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Offshore wind farm project now fully financed  

Credit:  By Liz Boardman Managing Editor | March 7, 2015 | www.independentri.com ~~

The Block Island Wind Farm is the first offshore wind project in the nation to be fully financed. Deepwater Wind Block Island, a wholly owned subsidiary of Deepwater Wind, closed on approximately $290 million in project financing Wednesday, the company announced. Deepwater Wind now has all of the debt and equity funding in place to construct and operate the 30-megawatt, five-turbine wind farm off the coast of Block Island.

“We are on the cusp of bringing offshore wind from theory to reality in the U.S. We’re incredibly proud of our position at the forefront of the U.S. offshore wind industry,” said Deepwater Wind CEO Jeffrey Grybowski, in a statement. “We’ve brought together some of the best American and European expertise to build an outstanding project and finance team. We’re poised to launch a new American clean-tech industry, and it all starts here with our work on the Block Island Wind Farm.”

Deepwater Wind received its final federal and state permits late last year.

In January, Grybowski told the Rhode Island Division of Public Utilities and Carriers the company had begun construction on the turbine foundations, transmission cable and wind turbine generators. Additional fabrication work on the foundation components will begin at North Kingstown-based Specialty Diving Services in the coming weeks. All 15 blades for the five turbines have been built and are being supplied by Alstom, a Denmark-based company. In January, Gulf Island Fabrication, of Louisiana, began fabrication of the steel jacket foundations. That work is expected to take several months. The five foundations will be installed between July and October, and the wind farm is expected to be in service by the fourth quarter of 2016.

Deepwater Wind also is seeking applications from commercial fishermen seeking mitigation for “direct financial impacts associated with the closure of the permitted work area during construction only,” according to a legal notice published in Independent Newspapers Feb. 19. “Applications must be submitted by April 14 and are available at dwwind.com/block-island, or by contacting Aileen Kenney at Deepwater Wind, 648-0607 or akenney@dwwind.com. Hard copies of the applications are also available at the offices of the state Coastal Resources Management Council, 4808 Tower Hill Road, Wakefield; the state Division of Fish and Wildlife, Marine Fisheries, 3 Fort Wetherill Road, Jamestown; or the state Division of Coastal Resources, 301 Great Island Road, Narragansett.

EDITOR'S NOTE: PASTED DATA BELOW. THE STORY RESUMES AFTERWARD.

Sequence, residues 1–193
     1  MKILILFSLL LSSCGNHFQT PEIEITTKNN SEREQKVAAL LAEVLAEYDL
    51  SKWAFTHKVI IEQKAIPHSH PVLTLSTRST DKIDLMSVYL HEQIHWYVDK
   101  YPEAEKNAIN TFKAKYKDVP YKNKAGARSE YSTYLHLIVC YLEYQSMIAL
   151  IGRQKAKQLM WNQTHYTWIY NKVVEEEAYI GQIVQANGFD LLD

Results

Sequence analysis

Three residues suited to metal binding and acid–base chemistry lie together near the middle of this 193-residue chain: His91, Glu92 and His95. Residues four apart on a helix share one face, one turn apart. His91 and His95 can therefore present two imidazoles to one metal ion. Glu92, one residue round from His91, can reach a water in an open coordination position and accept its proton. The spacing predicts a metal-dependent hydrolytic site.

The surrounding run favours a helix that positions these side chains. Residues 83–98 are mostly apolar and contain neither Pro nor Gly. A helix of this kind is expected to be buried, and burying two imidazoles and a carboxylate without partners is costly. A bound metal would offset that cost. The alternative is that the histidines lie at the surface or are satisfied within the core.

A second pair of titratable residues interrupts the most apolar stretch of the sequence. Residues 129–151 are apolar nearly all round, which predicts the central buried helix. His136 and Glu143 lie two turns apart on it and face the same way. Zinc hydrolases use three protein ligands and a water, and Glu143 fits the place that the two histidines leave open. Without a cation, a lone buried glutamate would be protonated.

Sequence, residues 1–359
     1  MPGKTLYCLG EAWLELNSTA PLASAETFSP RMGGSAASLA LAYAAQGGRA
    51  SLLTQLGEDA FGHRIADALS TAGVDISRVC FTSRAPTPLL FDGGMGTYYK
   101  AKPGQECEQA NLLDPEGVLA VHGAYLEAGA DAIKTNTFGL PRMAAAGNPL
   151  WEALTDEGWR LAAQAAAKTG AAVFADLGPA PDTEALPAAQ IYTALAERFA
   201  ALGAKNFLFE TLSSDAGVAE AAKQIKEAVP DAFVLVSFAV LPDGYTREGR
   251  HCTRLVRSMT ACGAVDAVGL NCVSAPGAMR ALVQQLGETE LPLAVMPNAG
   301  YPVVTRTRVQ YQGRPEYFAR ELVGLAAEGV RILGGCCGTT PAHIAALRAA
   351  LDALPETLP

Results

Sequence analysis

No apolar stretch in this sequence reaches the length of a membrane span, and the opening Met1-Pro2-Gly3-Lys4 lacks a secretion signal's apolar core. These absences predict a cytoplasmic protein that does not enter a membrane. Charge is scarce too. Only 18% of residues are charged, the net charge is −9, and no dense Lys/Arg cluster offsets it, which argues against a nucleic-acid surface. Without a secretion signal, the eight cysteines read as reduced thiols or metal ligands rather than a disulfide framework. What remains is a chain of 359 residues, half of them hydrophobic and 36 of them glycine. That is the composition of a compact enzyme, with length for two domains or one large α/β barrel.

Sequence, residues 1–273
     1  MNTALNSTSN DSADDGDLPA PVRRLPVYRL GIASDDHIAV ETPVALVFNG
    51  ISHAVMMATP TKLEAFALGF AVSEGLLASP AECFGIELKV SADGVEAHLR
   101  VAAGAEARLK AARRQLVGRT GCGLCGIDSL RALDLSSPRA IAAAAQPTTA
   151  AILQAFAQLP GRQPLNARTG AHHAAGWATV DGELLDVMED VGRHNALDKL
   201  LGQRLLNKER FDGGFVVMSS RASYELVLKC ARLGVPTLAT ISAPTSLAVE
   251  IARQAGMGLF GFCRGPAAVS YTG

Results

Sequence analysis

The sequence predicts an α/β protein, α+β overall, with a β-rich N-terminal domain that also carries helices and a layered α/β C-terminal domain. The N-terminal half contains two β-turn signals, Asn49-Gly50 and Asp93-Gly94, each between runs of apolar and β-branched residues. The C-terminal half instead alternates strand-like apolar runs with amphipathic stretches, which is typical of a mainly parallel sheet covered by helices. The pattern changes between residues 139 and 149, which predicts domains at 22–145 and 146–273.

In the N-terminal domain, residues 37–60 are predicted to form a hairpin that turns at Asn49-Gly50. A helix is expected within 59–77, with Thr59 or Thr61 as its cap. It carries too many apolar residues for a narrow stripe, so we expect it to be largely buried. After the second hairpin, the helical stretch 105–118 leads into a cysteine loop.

Fishing will not be restricted in the wind farm site during normal operations of the turbines, the notice said.

Mandated Lead Arrangers Societe Generale of Paris, France, and KeyBank National Association of Cleveland, Ohio, provided the $290 million in funding. The company also has $70 million in equity funding from its owners, D.E. Shaw Group.

“We’re ecstatic to reach financial close and thrilled to be partners with Societe Generale and KeyBank for this groundbreaking clean energy project,” Grybowski said. “We’re full speed ahead and moving ever closer to ‘steel in the water.’”

“Deepwater Wind has assembled a world class management team and experienced contractors to develop this landmark project. As the first offshore wind farm to be developed in the U.S., the Block Island Wind Farm represents a milestone that expands SG’s offshore wind sector footprint outside of Europe and further strengthens our extensive global track record of advising clients and arranging debt for offshore wind projects,” said Alexander Krolick, Societe Generale’s director of energy project finance in the Americas.

“Deepwater Wind has long been at the forefront of offshore wind development,” said Andrew Redinger, managing director and head of KeyBanc Capital Markets Utilities, Power and Renewables Group. “We are pleased to provide financing for the first offshore wind project to be fully financed in the U.S., and look forward to working with Deepwater on future, transformative projects.”

Source:  By Liz Boardman Managing Editor | March 7, 2015 | www.independentri.com

This article is the work of the source indicated. Any opinions expressed in it are not necessarily those of National Wind Watch.

The copyright of this article resides with the author or publisher indicated. As part of its noncommercial effort to present the environmental, social, scientific, and economic issues of large-scale wind power development to a global audience seeking such information, National Wind Watch endeavors to observe “fair use” as provided for in section 107 of U.S. Copyright Law and similar “fair dealing” provisions of the copyright laws of other nations. Send requests to excerpt, general inquiries, and comments via e-mail.

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